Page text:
Jason slammed the helmet on, cutting Rick off mid-waffle and wishing he'd given this one a miss. The gym would have been nearly as good a distraction, and wouldn't have involved dealing with Rick's insecurities. One look at the conditions Rick had set him up with only confirmed his desire to be elsewhere.

"What's this?"

"Dark and rain." Rick chuckled nervously. "I figured we need to start mixing it up."

"If we're not going to be doing this forever, yeah." Jason fired up the systems, a detached part of him marvelling at how much easier this was getting. Mark might go on about how pilots were born, not trained - but intensive practice of the sort he'd been having didn't half help those who weren't naturals.

Rick had clearly continued to practise himself the previous evening. Jason simply ignored the conditions, everything except the voice in his helmet, and barring one horrible moment when he applied the brakes too hard and locked the wheels on the wet runway, it seemed almost routine.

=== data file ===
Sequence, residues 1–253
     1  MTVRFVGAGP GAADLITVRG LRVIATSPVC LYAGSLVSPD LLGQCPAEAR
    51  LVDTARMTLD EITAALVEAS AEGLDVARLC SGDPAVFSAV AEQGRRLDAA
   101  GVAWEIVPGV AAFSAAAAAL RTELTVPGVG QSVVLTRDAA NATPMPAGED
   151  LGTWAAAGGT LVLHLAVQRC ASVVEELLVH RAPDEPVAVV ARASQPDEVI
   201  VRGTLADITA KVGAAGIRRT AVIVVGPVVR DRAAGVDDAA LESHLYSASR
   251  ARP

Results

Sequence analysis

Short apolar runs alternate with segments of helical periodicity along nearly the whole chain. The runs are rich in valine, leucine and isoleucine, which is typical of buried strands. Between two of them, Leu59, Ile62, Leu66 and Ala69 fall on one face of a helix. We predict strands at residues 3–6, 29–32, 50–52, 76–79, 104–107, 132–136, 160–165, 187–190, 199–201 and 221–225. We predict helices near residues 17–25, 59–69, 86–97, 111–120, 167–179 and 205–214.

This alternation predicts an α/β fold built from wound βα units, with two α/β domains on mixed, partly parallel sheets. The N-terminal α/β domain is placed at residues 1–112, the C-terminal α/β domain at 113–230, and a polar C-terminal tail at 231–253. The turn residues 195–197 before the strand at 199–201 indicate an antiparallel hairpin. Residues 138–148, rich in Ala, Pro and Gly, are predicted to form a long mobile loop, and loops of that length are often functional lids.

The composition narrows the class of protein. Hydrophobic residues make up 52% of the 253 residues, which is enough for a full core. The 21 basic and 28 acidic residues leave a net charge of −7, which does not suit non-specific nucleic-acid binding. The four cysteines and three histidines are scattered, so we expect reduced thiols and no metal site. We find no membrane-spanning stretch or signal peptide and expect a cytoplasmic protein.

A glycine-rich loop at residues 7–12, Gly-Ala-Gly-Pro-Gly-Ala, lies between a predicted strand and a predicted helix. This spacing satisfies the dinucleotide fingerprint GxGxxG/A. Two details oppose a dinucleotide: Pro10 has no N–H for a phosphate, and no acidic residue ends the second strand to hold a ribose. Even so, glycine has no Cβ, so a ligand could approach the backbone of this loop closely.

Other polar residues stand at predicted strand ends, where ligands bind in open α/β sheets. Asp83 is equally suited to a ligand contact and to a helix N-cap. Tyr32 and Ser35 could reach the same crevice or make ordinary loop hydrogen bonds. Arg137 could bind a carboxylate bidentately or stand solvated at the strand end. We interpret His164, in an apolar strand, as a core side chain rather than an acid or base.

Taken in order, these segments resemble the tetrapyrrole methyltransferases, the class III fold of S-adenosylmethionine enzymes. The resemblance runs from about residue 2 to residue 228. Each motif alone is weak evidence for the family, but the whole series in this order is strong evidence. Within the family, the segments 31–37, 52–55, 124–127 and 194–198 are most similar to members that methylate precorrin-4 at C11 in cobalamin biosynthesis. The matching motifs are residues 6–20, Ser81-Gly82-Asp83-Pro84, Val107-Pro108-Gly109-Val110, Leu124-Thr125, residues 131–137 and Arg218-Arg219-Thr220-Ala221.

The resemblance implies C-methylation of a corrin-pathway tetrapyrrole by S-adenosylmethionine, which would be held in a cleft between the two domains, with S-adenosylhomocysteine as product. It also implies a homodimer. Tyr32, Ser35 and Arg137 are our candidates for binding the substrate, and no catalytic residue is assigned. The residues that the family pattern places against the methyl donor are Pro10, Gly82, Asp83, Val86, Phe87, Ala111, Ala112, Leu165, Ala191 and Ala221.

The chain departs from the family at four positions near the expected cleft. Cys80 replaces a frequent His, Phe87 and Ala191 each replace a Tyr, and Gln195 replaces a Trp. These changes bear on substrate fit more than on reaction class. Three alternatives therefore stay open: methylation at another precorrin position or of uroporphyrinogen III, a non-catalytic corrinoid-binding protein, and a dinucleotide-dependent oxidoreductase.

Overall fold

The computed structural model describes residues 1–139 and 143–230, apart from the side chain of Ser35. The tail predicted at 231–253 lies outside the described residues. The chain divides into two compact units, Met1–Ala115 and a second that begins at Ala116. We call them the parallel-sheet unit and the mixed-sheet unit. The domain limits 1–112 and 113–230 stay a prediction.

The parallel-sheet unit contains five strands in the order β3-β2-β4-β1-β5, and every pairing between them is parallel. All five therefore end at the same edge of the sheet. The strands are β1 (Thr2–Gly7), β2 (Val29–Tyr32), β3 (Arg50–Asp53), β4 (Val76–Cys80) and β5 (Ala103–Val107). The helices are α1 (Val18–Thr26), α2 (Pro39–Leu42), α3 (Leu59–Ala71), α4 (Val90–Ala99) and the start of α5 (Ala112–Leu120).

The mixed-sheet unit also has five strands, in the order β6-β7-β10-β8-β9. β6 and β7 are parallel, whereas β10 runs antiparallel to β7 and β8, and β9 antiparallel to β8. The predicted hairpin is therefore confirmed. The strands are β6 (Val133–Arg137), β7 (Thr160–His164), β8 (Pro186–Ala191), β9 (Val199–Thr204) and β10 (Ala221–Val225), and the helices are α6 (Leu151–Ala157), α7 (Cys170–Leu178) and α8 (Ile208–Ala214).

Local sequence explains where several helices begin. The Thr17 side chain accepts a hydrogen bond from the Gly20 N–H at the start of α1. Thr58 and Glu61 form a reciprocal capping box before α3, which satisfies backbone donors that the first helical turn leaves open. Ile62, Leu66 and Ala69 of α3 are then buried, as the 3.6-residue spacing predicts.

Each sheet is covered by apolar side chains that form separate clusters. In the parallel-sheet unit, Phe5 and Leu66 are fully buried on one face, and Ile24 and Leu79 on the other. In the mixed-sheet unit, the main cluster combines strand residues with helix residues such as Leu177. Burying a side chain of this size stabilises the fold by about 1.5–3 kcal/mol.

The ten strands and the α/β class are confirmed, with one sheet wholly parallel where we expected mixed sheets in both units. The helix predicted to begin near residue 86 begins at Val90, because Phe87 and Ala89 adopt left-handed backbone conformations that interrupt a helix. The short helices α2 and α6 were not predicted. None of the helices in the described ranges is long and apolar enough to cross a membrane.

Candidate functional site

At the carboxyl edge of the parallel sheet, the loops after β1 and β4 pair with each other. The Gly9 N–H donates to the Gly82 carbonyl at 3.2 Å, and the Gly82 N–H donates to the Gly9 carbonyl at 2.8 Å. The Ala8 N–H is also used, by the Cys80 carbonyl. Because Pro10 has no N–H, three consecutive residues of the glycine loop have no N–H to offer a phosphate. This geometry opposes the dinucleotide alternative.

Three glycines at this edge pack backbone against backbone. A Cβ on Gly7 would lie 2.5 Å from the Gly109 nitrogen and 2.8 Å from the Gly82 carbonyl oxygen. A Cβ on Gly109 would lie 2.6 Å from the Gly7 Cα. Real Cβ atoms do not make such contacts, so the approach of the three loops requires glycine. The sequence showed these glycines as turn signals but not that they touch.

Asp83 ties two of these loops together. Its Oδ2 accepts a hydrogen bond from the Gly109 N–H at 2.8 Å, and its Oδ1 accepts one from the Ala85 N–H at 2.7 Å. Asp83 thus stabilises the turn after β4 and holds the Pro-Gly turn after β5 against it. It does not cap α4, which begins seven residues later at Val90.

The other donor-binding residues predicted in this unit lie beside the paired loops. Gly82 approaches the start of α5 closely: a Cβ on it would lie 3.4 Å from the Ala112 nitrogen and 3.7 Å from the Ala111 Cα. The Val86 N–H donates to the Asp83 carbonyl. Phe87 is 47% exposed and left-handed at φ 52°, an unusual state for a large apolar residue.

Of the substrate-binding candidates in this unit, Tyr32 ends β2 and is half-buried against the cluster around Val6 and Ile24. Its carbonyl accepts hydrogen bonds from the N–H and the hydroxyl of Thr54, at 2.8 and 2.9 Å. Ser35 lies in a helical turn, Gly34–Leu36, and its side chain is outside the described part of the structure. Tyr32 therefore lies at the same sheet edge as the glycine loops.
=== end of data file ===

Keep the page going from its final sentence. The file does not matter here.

"Are you thinking what I'm thinking?" Rick asked.

Since what Jason had been thinking was that, despite his tiredness,  his reflexes were a hell of a lot better now that the drugs were out of his system, that seemed unlikely. "Nope."

Rick looked uncertain. "I'm thinking that was too easy. Maybe we should just go for it. Turn the random back on. Maybe not the real horrendous stuff. But put in the gusts and the varying light."

Jason raised his eyebrows, then shrugged. "May as well. Let's go for it." There was nothing to lose. The moment the jet had rolled to a stop, the nervous anticipation had hit so hard he'd thought for a moment that it was the migraine itself. The harder the flying was, the more he had to concentrate on it, the better.